First, the insurance company has the right to either repair or replace your vehicle. If it repairs your vehicle, it can do so at a place it chooses with parts it chooses. Even if your car is 95 percent totaled, the insurance company has the right to elect to repair it. However, if the insurance company does not restore your car back to the same function, value, and appearance, (after the car is fixed), then you may have a claim for additional damages. You must, however, wait until your car is fixed before you can determine whether it has been restored to the same function, value and appearance.

If the insurance company undertakes to repair your car, then you should never sign a release until you are fully satisfied that your car is restored to its same function, value and appearance. The other option is for the insurance company to replace your vehicle. (Let me remind you that it is the insurance company's decision whether to repair or replace your car). If the insurance company decides to replace your vehicle, it must pay you the market value of your car. This does not mean the sentimental value of the car simply because you've had it a long time and you are attached to it. The market value of the car can be determined in one of several ways. One way is by shopping in the area on used car lots and getting a written quote of the value of the same type of vehicle on a local car lot. Often, I encourage people to get several quotes before approaching their insurance adjuster. Another way, of course, is to go by the booklets provided to the automobile dealers associations for determining values. Usually you will have to contact a used car dealer to determine this. Once you have agreed upon a value of the vehicle with your adjuster, then he or she will decide whether to keep the wreckage or allow you to keep it. If it keeps the wreckage, then you will have to sign your title over to the insurance company.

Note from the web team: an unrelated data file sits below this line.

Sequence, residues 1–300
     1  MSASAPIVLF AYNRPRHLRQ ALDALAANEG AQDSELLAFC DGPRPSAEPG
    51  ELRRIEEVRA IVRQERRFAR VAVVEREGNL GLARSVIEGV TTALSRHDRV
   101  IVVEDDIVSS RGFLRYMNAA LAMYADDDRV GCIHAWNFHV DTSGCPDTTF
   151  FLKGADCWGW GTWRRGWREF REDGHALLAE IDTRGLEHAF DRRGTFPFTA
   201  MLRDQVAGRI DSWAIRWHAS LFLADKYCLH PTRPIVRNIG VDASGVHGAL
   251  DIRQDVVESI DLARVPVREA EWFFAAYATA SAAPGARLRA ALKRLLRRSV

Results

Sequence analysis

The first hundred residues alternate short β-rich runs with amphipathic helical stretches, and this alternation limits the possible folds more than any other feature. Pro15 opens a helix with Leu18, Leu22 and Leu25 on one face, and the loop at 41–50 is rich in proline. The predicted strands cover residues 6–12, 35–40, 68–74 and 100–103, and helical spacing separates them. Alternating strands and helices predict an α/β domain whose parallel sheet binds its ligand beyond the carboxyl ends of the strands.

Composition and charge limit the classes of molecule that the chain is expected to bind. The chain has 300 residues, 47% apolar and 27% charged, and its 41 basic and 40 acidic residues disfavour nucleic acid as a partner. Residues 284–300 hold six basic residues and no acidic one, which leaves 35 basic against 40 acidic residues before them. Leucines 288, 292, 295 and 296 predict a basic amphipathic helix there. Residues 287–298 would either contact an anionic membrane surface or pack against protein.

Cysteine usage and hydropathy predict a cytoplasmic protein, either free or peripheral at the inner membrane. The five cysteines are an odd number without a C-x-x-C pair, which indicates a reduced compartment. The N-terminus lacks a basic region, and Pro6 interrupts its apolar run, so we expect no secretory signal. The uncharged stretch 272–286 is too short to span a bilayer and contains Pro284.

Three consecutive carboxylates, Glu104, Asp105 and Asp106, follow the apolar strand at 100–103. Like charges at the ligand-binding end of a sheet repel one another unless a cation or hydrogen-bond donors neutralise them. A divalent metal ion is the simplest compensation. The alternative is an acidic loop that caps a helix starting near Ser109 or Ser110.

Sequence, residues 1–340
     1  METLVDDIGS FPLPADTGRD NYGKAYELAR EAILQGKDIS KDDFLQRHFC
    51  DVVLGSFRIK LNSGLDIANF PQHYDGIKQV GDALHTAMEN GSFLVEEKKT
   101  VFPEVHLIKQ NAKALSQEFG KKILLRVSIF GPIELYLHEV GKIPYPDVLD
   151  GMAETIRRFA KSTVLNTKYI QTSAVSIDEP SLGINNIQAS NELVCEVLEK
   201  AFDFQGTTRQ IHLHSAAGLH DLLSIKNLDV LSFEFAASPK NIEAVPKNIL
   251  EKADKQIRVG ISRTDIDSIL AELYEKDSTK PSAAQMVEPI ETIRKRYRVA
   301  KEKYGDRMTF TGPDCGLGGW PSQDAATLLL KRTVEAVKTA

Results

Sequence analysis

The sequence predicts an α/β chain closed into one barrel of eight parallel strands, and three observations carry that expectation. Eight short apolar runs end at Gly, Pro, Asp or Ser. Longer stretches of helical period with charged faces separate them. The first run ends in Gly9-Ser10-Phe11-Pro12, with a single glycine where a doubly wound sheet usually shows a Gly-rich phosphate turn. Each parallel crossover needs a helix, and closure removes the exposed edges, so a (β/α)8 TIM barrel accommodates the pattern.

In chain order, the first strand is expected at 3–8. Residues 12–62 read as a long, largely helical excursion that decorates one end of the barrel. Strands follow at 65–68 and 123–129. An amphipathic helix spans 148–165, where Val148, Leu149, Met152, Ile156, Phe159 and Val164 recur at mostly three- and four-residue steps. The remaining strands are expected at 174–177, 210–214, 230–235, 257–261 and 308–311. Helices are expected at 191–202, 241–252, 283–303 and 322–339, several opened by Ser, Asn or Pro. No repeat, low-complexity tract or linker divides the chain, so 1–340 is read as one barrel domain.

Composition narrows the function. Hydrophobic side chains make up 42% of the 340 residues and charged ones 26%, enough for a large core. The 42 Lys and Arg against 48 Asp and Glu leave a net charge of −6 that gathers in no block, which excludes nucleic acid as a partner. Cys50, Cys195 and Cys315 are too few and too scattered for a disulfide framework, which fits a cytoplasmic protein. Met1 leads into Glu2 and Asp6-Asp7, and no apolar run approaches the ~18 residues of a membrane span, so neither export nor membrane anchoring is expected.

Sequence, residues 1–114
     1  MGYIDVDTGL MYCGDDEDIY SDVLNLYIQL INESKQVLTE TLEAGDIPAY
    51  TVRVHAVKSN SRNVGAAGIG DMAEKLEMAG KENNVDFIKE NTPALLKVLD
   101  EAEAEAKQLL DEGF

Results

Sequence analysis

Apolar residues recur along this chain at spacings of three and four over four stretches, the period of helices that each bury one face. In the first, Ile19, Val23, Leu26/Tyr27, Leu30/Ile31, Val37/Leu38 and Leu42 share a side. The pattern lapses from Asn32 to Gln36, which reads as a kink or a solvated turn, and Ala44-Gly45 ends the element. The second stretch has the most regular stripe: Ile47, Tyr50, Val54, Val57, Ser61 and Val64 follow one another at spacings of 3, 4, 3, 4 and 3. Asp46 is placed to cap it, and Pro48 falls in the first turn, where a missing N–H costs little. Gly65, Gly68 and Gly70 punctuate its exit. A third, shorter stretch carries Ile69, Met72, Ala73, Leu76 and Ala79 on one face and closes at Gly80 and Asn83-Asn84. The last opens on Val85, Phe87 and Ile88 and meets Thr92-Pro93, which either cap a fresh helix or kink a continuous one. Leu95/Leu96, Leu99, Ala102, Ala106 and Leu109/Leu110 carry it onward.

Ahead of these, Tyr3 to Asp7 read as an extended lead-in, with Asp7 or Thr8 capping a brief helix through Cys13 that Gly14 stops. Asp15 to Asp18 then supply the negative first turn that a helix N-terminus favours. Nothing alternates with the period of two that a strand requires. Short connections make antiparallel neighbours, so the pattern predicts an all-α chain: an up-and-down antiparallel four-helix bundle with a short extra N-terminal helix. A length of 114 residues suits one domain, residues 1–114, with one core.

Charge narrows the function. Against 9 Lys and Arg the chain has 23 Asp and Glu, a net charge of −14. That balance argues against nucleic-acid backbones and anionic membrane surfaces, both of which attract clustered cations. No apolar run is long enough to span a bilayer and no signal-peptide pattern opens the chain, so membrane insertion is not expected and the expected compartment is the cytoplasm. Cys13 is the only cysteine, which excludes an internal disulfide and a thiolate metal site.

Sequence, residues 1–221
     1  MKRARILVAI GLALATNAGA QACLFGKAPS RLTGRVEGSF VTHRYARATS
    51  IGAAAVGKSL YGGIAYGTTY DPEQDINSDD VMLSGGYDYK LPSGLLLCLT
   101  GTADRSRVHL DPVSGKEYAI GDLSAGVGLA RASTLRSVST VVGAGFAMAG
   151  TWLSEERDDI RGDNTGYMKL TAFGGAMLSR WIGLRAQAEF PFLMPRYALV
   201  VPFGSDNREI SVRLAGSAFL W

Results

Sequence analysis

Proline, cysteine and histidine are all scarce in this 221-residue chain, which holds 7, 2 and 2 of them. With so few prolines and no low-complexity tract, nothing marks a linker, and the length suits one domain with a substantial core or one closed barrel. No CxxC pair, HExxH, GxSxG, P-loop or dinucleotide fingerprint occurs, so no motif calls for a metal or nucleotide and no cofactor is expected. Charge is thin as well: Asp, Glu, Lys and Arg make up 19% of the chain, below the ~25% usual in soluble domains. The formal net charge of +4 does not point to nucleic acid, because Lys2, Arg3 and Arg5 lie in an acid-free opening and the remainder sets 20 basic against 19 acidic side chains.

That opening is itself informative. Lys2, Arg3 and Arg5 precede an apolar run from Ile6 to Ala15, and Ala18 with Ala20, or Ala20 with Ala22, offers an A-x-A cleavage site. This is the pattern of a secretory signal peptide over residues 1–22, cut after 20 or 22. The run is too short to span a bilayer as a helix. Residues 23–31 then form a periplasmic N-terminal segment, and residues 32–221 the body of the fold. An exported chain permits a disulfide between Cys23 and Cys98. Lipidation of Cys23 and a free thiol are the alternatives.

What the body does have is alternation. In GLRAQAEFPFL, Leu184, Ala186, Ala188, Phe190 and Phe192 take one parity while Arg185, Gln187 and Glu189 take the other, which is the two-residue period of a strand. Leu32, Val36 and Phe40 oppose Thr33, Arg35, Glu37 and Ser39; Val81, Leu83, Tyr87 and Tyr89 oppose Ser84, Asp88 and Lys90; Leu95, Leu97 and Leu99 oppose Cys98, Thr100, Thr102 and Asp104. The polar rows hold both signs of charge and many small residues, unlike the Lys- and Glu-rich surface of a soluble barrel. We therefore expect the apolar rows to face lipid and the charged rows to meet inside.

One of the most troublesome problems is when an automobile is fairly new and is financed. You likely will have paid a tremendous amount in finance charges on the front end to finance your car and the vehicle will be worth less than what the outstanding balance is. For instance, your car may only be worth $9,000, but the payoff is $10,500. There is nothing you can do about this situation other than to pay the remaining balance yourself over and above the market value. Although this seems unfair, the insurance company is not required to pay off your car once you have a wreck.

You are not entitled to reimbursement or money damages for the inconvenience of taking your car to different shops, taking your car to the insurance company, visiting the doctor or assisting someone else in the same process. You may, however, be entitled to a rental car at a fair market rate if someone else is at fault and he or she has insurance to cover the accident. If you are claiming the accident on your collision coverage, then you should check your policy or check with your insurance agent to see whether your policy allows for a rental car.

This outline is intended to give you guidelines to go by if you have had a wreck and you need to negotiate this matter with your insurance company. If you have any further questions or if serious injuries were involved, you need to contact our office for further advice.